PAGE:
The final stop along my plant baby filled, tropical adventure was the Pérez Art Museum Miami. Originally, I intended to visit this museum to see its collection of international contemporary and modern art which included an exhibition of Doris Salcedo‘s sculptures and installations. (I was particularly impressed with its dedication to showing Hispanic and Latinx artists who aren’t Diego Rivera or Frida Kahlo). I was blissfully unaware of the hanging gardens that adorn the outer edges of the building and was pleasantly surprised to discover them as I ascended the stairs from the car park to the museum’s terrace.
The museum’s grounds are like nothing I have ever seen in the intentionality of its design. The structure was designed by architects Herzog & de Meuronhanging ‘to “bring the park into the museum” in new and innovative ways.’ According to an informative video on the sustainability of the museum, the museums structure was inspired by the environment and native plants of south Florida. Specifically, Herzog & de Meuronhanging were inspired by mangroves in how they are simultaneously aquatic and terrestrial. The veranda of the museum extends out to the water and is rooted on the ground just in front the bay.
The canopy of the museum continues the mangrove metaphor with the way the pillars and columns of the museum are narrow and flowing as well as in how the light is filtered. The trellis that creates the “roof” is made of slats that are more open on the north side of the building, which faces the water and that are more dense on the south side of the building where the galleries are located. The placement of this trellising helps keep the museum sustainable.
The hanging gardens are like nothing I have come across on any of my sojourns to public and private botanic gardens. These gardens consist of tropical plants that are suspended from the ceiling and were not simply installed for their aesthetic, but also for their very practical wicking effect. According the video, the core of these hanging gardens is continuously wet and as the air passes through these aerial garden columns the air in the canopy is naturally cooled. So, these beauties help to make the shaded areas of the museum much more bearable. In my previous post I mentioned that while I was in Miami the heat index was 111° , and I can honestly say that from coming from the sun to the shaded, be-gardened canopy was like night and day– still hot, but completely tolerable.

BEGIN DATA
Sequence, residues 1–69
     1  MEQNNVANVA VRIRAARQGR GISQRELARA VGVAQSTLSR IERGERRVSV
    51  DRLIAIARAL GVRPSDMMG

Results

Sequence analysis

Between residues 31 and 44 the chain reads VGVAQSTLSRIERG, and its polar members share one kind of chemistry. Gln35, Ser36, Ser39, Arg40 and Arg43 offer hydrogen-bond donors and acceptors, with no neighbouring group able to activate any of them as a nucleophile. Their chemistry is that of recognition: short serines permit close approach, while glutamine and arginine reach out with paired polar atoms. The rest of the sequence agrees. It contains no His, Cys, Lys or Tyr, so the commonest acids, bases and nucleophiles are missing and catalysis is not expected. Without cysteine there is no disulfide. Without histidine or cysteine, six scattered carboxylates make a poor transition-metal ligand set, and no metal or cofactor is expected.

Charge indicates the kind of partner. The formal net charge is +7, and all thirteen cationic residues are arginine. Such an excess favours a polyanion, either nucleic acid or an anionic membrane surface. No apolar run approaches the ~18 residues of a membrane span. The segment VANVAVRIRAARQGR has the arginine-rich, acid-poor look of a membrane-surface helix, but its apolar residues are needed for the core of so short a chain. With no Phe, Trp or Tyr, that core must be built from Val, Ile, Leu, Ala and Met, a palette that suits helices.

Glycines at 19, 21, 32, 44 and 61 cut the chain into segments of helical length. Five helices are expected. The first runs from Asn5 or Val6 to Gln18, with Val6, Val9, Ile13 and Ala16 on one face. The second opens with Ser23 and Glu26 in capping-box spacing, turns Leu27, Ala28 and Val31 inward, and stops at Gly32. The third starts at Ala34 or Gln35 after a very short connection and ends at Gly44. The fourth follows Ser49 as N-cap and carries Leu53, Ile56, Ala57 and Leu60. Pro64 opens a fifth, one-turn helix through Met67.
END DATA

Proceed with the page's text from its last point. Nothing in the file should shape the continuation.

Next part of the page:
In keeping with mangroves, the building is built on stilts in the event of a storm or flood. On of the more interesting features of the building is that it is designed so that water passes straight through building. Water moves through the existing structure to maintain the hanging gardens as well as the other plants in the garage.
Next to walking through the galleries, my favorite part of my visit was descending the stairs that join the museum to Museum Park and sitting by the bay. My partner Jeffrey and I sat under the palm trees for hours watching the speed boats zip around and cruise ships leave the bay. We were there for the Fourth of July, and it would have been an awesome fireworks spot. While we didn’t get to see the fireworks from our pristine tropical spot, we managed to see them (and some lightning!) from our plane that night.
Next week’s post will be a plant baby update on cacti and succulent ailments as well as an update on my soiree into propagation. I’m currently gearing up for a week long birthday trip to New Zealand this September that will be jam packed with gardens and Tolkein-esque landscapes. So, keep an eye out on the blog and Instagram for updates!
Do you have questions about my visit to the Pérez Art Museum Miami? Are you looking to plan a trip? Or do you just have questions about your indoor and outdoor plant babies? If you’d like to know more about my travels or if you have questions about your plant colony, leave a comment below or feel free to contact The Garden Generalist. I would love to hear from you!